Tuesday, February 13, 2018
Ori Dagan's Nathaniel: A Tribute to Nat King Cole
Now here's a jazz singer.
Ori Dagan is a jazz singer who's not afraid to don familiar jazz affectations in the whimsical, wry and ready-to-scat style of Dave Lambert and Eddie Jefferson. He seems to check all of the boxes without trying, his distinctive baritone low-key until he needs a vocal exclamation for his phrasing, and his voice raises until he starts to sound like a voice actor working on the latest Pixar flick. (If you need an over-the-top example of this style, refer to Eric Idle's version of "The Penis Song" in Monty Python's The Meaning of Life.) Plus, he's paying tribute to Nat King Cole on his new album, one of my absolute favorites. He's knocking it out of the park, right?
I'm not sure. The first time I listened to Nathaniel, I was torn. The opener, Wally Gold's "Lilette," is a little gem of a song, so perfectly suited to Dagan's unique style. This was so promising and distinctive and refreshing that I settled in for what I thought was going to be a small masterpiece. After a few songs, however, Dagan's voice became a romance gone sour--completely annoying, in other words. The endless affectations were like cake frosting--a perfect confection that becomes cloying once you decide to pop the lid and eat the entire container.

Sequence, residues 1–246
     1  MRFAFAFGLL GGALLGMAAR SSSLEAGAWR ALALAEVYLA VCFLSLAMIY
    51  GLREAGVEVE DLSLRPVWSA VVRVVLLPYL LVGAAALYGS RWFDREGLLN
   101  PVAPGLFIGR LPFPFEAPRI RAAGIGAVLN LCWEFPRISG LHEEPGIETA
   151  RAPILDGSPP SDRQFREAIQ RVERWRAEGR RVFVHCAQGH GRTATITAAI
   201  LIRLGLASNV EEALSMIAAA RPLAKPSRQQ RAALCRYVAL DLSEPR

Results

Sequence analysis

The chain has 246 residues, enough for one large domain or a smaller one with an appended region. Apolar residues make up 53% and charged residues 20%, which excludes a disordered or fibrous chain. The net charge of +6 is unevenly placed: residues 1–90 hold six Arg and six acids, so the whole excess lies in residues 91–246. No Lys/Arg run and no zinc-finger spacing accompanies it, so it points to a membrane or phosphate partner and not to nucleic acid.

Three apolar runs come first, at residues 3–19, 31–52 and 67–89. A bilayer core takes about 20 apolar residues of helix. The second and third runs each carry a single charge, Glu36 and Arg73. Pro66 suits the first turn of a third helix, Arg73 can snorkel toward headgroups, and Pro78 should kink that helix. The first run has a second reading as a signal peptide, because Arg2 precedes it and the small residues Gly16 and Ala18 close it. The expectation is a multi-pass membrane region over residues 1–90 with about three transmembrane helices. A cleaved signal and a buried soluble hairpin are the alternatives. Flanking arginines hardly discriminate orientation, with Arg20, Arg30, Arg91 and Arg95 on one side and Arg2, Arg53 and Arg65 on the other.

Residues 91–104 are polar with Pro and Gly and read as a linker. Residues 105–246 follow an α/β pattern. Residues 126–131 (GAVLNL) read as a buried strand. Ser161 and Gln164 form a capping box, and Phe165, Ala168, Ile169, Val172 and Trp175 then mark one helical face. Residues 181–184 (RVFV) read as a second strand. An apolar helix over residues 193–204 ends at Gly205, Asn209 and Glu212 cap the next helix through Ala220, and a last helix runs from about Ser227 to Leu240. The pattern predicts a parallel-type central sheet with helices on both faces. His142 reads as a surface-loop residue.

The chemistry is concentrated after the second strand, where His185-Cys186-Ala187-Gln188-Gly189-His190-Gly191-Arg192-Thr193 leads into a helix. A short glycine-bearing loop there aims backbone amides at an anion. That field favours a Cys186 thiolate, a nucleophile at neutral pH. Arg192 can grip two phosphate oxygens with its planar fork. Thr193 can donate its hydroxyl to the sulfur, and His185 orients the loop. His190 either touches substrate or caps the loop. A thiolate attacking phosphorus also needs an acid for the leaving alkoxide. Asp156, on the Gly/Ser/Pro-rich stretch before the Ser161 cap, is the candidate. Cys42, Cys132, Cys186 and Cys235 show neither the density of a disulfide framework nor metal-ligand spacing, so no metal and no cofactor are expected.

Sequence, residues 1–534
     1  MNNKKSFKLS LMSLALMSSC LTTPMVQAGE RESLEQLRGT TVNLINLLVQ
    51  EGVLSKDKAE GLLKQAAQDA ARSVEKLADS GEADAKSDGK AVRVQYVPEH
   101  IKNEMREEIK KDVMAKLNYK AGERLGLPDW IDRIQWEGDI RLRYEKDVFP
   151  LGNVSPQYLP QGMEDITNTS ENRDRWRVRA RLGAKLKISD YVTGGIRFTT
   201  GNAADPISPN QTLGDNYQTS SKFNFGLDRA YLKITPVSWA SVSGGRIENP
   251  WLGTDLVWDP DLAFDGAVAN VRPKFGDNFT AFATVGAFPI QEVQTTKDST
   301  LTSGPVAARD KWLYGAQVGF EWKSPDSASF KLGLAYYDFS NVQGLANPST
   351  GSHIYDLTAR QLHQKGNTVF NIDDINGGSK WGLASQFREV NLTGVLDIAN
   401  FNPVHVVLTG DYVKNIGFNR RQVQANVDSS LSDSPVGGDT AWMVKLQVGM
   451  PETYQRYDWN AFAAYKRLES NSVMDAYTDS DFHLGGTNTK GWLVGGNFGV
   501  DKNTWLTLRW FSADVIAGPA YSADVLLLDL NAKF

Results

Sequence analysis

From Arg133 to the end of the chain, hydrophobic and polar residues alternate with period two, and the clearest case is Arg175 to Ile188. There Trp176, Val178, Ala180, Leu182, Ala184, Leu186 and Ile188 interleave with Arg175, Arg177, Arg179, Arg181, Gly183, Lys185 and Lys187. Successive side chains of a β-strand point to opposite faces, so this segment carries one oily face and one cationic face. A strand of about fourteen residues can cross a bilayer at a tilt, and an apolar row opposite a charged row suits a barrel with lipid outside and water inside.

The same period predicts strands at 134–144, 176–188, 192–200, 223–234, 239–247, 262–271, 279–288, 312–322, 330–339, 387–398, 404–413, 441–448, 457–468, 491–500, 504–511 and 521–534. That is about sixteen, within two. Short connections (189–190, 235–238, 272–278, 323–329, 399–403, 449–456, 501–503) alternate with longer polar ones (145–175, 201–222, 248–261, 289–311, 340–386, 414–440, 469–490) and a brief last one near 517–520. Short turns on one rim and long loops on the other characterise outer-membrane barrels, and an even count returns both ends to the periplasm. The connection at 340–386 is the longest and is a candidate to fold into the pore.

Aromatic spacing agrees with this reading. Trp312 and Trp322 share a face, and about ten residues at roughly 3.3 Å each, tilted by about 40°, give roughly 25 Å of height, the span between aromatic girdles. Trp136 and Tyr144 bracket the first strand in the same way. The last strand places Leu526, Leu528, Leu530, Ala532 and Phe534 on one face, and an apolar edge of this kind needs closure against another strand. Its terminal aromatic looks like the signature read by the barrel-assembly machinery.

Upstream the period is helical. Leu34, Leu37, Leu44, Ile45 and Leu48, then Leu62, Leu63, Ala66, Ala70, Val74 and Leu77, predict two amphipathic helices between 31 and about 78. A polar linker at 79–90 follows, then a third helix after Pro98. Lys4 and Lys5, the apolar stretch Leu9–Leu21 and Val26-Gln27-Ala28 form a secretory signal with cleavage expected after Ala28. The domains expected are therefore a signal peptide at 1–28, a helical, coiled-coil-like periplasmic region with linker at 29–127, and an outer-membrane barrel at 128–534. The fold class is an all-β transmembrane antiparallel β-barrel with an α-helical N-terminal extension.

After a few weeks I came back to Dagan and discovered that I was, once again, too hard on this male jazz vocalist. I'm going out on a limb by saying your appreciation of his voice may depend upon your mood. That mood, of course, should be a fun and playful one. I'm sitting here now, listening to this album, and I'm totally enjoying it. First of all, the musicians behind Dagan (pianist Mark Kieswetter, guitarist Nathan Hiltz, bassist Ross MacIntyre, sax and flute player Jane Bunnett and drummer Mark Kelso, among others) are absolutely fantastic and a recorded with a great deal of care. This is a gorgeous, pristine recording that sounds live and real and immediate.
If you love the quick caprice of Parisian style jazz, you'll totally get this album. You'll dance in your kitchen while listening to it, and you'll use a wooden spoon for a microphone. You'll sing just like Ori Dagan. You'll copy all of his signature moves. But if it's a grey day and you want to feel sorry for yourself, it's only a matter of time before you hit the pause and eject button. Choose your mood wisely.